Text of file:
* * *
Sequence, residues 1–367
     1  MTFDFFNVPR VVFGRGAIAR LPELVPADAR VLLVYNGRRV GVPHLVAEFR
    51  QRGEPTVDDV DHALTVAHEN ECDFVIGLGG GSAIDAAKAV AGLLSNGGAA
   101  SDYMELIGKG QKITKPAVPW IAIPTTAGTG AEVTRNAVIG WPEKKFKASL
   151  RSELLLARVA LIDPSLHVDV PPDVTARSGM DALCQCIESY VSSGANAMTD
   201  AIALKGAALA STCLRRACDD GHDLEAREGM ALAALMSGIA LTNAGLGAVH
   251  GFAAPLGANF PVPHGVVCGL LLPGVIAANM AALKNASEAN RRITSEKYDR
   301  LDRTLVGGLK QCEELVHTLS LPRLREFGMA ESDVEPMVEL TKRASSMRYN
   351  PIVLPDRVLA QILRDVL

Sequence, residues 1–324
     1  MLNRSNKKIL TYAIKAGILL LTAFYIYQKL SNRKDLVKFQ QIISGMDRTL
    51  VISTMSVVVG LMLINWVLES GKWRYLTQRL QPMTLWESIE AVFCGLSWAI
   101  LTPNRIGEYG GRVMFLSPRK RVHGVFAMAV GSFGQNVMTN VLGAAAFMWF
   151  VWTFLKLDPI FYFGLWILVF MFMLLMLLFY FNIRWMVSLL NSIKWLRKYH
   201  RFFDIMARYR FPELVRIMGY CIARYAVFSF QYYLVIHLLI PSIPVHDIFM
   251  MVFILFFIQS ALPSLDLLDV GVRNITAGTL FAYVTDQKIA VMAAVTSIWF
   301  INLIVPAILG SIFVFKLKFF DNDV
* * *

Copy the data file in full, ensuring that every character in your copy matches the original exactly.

Sequence, residues 1–367
     1  MTFDFFNVPR VVFGRGAIAR LPELVPADAR VLLVYNGRRV GVPHLVAEFR
    51  QRGEPTVDDV DHALTVAHEN ECDFVIGLGG GSAIDAAKAV AGLLSNGGAA
   101  SDYMELIGKG QKITKPAVPW IAIPTTAGTG AEVTRNAVIG WPEKKFKASL
   151  RSELLLARVA LIDPSLHVDV PPDVTARSGM DALCQCIESY VSSGANAMTD
   201  AIALKGAALA STCLRRACDD GHDLEAREGM ALAALMSGIA LTNAGLGAVH
   251  GFAAPLGANF PVPHGVVCGL LLPGVIAANM AALKNASEAN RRITSEKYDR
   301  LDRTLVGGLK QCEELVHTLS LPRLREFGMA ESDVEPMVEL TKRASSMRYN
   351  PIVLPDRVLA QILRDVL

Sequence, residues 1–324
     1  MLNRSNKKIL TYAIKAGILL LTAFYIYQKL SNRKDLVKFQ QIISGMDRTL
    51  VISTMSVVVG LMLINWVLES GKWRYLTQRL QPMTLWESIE AVFCGLSWAI
   101  LTPNRIGEYG GRVMFLSPRK RVHGVFAMAV GSFGQNVMTN VLGAAAFMWF
   151  VWTFLKLDPI FYFGLWILVF MFMLLMLLFY FNIRWMVSLL NSIKWLRKYH
   201  RFFDIMARYR FPELVRIMGY CIARYAVFSF QYYLVIHLLI PSIPVHDIFM
   251  MVFILFFIQS ALPSLDLLDV GVRNITAGTL FAYVTDQKIA VMAAVTSIWF
   301  INLIVPAILG SIFVFKLKFF DNDV